As soon as the 2021 MLB trade deadline passed, many Boston Red Sox fans were frustrated with how few moves the team made.
Aside from the additions of Kyle Schwarber and a couple of not-so-noteworthy bullpen arms, Boston didn’t do a whole lot to keep up with the moves that many of the other contending teams made.
Chief Baseball Officer Chaim Bloom has been a popular man in the greater Boston area since taking over the decision-making role in the Red Sox organization, but he caught some heat from some fans over his approach at this deadline.
To make matters worse, the Red Sox are now sliding—they are 1-5 since the deadline.
Watching the Red Sox since the trade deadline like pic.twitter.com/ExObd4IlMs
— Boston Diehards (@Boston_Diehards) August 6, 2021
The skid has cost Boston its top spot in the American League East.
The Tampa Bay Rays now hold a one-and-a-half game lead in the division race.
Hindsight is 20/20, but it certainly seems like the Red Sox should have done more to improve their roster.
What are two trades the team should have made?
2. A Deal For A High-End Reliever
You can never have enough relief help.
The Red Sox do have a reasonably sturdy bullpen, but one more high-end arm would have done a lot for the team.
Instead, Boston brought in two bullpen arms with poor track records.
Right-hander Hansel Robles was acquired from the Minnesota Twins in a small deal.
He pitched to a 4.91 ERA, 4.82 FIP, and 1.39 WHIP over 45 appearances with the Twins before being traded.
He has a career 4.01 ERA.
Boston also added lefty Austin Davis from the Pittsburgh Pirates.
He posted a 5.59 ERA, 5.44 FIP, and 1.14 WHIP across 10 outings with the Pirates prior to the trade.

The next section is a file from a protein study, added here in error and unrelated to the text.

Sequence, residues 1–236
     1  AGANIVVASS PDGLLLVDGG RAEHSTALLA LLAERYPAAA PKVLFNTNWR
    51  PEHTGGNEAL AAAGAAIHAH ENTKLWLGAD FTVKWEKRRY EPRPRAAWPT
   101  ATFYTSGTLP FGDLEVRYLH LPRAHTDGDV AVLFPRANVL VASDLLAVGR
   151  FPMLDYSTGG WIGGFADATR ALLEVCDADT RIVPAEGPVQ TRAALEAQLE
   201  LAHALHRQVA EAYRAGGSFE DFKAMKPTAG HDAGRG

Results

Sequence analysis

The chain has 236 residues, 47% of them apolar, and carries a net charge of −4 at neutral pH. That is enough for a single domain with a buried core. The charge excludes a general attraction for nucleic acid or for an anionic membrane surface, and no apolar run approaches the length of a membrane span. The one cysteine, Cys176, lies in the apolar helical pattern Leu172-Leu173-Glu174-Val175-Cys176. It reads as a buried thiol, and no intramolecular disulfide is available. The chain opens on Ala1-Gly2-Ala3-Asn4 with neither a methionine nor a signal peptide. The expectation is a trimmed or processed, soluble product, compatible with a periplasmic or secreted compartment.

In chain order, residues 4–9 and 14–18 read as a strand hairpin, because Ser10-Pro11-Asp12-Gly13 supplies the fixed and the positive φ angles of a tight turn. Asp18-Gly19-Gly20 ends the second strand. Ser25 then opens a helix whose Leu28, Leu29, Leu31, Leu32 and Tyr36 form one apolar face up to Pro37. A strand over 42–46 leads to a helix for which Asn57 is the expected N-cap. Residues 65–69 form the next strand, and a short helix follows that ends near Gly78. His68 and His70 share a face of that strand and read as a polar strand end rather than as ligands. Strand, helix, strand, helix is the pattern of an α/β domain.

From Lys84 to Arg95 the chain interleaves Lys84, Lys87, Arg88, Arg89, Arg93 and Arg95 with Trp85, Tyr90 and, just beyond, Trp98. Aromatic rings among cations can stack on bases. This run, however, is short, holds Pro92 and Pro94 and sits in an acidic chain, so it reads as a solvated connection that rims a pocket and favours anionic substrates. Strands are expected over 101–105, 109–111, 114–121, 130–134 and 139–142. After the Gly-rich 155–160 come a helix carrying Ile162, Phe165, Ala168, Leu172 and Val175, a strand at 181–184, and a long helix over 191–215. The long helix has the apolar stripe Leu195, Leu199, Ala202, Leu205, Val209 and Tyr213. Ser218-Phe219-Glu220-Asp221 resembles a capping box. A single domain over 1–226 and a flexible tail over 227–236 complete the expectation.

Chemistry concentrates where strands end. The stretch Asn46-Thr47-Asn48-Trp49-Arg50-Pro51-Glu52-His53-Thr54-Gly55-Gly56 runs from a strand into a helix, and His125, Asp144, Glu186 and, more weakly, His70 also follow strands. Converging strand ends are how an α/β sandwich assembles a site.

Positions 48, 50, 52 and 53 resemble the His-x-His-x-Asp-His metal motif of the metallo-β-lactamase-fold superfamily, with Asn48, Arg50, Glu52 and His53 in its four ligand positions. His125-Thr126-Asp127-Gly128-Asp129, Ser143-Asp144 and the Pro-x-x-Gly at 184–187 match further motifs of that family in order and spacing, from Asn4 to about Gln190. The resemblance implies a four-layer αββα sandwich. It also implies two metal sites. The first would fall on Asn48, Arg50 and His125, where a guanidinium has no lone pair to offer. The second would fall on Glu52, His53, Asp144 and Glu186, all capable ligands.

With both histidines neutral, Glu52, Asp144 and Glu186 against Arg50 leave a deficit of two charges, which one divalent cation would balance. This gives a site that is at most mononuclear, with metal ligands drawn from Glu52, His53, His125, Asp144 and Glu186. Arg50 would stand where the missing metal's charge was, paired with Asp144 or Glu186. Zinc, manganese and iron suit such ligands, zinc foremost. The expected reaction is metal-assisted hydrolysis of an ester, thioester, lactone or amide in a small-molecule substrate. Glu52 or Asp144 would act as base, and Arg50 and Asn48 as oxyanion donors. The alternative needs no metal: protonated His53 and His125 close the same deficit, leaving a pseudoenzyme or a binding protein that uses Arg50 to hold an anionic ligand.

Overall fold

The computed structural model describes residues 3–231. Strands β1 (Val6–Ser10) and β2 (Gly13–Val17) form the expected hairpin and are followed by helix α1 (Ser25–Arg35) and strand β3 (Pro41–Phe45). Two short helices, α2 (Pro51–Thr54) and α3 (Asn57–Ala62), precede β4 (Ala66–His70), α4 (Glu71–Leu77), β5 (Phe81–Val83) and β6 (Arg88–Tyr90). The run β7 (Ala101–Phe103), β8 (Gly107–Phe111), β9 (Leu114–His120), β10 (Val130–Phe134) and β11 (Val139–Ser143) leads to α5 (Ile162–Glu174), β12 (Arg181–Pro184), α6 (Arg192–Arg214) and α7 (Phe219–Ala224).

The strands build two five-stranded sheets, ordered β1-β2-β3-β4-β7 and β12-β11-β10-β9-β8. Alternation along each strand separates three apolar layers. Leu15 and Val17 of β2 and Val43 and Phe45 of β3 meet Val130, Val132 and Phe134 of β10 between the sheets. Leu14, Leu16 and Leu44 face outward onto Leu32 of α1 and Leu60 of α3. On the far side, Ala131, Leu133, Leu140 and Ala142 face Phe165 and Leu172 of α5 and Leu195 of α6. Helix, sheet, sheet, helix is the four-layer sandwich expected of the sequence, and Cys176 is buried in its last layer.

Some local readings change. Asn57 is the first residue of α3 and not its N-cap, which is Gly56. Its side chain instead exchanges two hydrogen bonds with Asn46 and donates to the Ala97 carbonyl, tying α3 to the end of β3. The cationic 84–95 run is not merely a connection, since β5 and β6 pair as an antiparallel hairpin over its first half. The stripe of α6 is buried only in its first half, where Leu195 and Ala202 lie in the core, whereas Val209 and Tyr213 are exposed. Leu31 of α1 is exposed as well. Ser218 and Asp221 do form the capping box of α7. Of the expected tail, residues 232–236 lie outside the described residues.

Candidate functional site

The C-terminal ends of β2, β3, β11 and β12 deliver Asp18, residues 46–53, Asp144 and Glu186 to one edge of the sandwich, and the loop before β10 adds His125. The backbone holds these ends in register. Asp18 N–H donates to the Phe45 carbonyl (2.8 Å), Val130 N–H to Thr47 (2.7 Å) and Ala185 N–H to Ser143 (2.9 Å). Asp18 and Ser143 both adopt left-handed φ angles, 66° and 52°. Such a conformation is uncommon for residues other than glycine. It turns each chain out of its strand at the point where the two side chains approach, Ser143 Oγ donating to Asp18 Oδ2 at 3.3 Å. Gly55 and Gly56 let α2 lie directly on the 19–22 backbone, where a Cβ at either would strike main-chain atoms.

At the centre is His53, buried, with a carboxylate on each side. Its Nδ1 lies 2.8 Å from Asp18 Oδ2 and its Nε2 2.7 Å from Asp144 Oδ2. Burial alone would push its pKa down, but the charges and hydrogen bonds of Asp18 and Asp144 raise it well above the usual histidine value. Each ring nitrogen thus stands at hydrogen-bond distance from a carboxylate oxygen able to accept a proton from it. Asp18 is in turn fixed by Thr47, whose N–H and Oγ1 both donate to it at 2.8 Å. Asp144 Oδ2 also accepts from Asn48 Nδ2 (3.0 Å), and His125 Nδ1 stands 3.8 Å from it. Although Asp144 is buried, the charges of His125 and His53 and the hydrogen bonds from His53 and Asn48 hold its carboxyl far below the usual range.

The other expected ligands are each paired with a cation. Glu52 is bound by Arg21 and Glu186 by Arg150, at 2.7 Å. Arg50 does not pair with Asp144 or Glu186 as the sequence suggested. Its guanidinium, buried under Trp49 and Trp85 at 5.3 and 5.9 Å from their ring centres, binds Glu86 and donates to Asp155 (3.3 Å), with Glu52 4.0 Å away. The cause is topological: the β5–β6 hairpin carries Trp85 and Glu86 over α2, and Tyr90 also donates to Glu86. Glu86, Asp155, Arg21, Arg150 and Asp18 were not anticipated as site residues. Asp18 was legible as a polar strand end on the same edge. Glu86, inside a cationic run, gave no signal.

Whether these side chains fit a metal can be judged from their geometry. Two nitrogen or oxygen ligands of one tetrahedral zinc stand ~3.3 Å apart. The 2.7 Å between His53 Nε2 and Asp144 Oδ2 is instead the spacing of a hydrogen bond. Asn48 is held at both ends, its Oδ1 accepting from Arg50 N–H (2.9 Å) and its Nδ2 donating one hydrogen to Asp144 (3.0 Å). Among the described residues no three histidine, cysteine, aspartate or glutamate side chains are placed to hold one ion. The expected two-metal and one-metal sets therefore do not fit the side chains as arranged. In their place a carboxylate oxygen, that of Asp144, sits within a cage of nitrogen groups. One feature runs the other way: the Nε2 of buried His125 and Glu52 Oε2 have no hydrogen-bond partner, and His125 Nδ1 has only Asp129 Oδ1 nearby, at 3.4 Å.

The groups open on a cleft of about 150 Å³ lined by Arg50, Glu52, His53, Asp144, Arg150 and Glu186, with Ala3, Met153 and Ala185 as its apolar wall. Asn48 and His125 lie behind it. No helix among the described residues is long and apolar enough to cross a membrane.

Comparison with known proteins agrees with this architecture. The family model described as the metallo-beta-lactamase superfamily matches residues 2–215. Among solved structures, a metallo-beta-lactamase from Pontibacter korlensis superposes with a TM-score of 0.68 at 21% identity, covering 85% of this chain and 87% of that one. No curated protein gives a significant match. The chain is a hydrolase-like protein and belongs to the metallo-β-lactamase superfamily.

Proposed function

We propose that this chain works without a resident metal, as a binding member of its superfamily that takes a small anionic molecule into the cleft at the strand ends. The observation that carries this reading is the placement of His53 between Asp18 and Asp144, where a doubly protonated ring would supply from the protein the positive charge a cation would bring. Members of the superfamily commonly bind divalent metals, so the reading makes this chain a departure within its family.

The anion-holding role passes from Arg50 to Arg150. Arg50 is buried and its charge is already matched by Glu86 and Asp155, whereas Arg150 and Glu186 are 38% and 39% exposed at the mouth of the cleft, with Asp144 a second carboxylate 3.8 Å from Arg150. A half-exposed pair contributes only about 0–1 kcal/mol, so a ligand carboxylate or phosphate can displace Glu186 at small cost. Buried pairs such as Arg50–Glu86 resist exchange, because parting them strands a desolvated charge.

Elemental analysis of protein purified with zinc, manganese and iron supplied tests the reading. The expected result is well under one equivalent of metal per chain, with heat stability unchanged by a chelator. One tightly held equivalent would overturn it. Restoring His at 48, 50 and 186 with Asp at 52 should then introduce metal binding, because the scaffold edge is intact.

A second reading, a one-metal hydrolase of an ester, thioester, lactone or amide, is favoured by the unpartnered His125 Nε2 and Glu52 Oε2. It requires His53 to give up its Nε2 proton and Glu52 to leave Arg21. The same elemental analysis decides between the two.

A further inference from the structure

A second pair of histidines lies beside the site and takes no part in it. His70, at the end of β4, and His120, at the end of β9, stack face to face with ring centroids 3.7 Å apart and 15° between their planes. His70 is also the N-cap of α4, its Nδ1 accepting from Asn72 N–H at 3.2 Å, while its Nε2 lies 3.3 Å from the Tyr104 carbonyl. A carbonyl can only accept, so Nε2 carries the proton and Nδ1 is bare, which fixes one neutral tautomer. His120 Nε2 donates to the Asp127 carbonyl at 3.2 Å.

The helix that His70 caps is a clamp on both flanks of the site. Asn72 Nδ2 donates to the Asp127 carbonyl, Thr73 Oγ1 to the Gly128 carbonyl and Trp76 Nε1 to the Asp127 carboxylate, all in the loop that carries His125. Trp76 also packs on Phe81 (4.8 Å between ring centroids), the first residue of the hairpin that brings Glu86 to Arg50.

He has a career 5.52 ERA.
Needless to say, neither Robles nor Davis will really move the needle for the Red Sox.
The team is going to have to make do with what it has.
1. A Deal For A Reliable Rotation Arm
It didn’t have to be a deal for a guy like Max Scherzer, but adding a reliable rotation piece would have gone a long way for Boston.
However, both of those guys have hit a wall.
Richards had a 3.88 ERA on June 6.
Today, he has a 5.21 ERA and has been shelled to the tune of a 7.36 ERA over his last nine starts.
That’s not a serviceable arm.
As for Perez, he had a 3.09 ERA on June 3.
Today, he’s looking at a 4.77 mark.
Similar to Richards, Perez has pitched to a 7.13 ERA over his last 11 starts.
Not good at all.
Red Sox quickly showing since the deadline that maybe they needed to add more SP help
— Eric Samulski (@SamskiNYC) July 31, 2021
That’s an improvement.
However, rotation question marks will still linger, as Rodriguez is having a tough year (5.33 ERA) and Pivetta has been inconsistent at times (he has allowed four runs or more in four of his last six starts).
The problem could have been solved at the deadline.
Instead, it went unaddressed.